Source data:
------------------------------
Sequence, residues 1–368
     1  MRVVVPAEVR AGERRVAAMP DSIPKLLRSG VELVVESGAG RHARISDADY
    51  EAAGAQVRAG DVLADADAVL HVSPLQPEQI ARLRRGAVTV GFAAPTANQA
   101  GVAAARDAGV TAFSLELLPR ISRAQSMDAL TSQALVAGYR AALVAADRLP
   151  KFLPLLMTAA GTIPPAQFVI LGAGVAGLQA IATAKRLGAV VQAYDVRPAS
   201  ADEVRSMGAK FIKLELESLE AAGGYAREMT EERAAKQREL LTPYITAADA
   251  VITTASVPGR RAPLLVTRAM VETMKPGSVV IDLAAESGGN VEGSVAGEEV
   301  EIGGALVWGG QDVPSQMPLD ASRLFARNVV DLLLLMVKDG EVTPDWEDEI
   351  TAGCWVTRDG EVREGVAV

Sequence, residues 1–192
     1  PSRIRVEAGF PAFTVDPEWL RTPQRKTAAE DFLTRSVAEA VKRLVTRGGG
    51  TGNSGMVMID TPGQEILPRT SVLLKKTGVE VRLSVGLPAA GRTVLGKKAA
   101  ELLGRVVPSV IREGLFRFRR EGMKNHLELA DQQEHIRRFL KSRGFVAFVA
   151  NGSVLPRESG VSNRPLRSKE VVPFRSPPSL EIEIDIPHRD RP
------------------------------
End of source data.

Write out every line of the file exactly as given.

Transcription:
Sequence, residues 1–368
     1  MRVVVPAEVR AGERRVAAMP DSIPKLLRSG VELVVESGAG RHARISDADY
    51  EAAGAQVRAG DVLADADAVL HVSPLQPEQI ARLRRGAVTV GFAAPTANQA
   101  GVAAARDAGV TAFSLELLPR ISRAQSMDAL TSQALVAGYR AALVAADRLP
   151  KFLPLLMTAA GTIPPAQFVI LGAGVAGLQA IATAKRLGAV VQAYDVRPAS
   201  ADEVRSMGAK FIKLELESLE AAGGYAREMT EERAAKQREL LTPYITAADA
   251  VITTASVPGR RAPLLVTRAM VETMKPGSVV IDLAAESGGN VEGSVAGEEV
   301  EIGGALVWGG QDVPSQMPLD ASRLFARNVV DLLLLMVKDG EVTPDWEDEI
   351  TAGCWVTRDG EVREGVAV

Sequence, residues 1–192
     1  PSRIRVEAGF PAFTVDPEWL RTPQRKTAAE DFLTRSVAEA VKRLVTRGGG
    51  TGNSGMVMID TPGQEILPRT SVLLKKTGVE VRLSVGLPAA GRTVLGKKAA
   101  ELLGRVVPSV IREGLFRFRR EGMKNHLELA DQQEHIRRFL KSRGFVAFVA
   151  NGSVLPRESG VSNRPLRSKE VVPFRSPPSL EIEIDIPHRD RP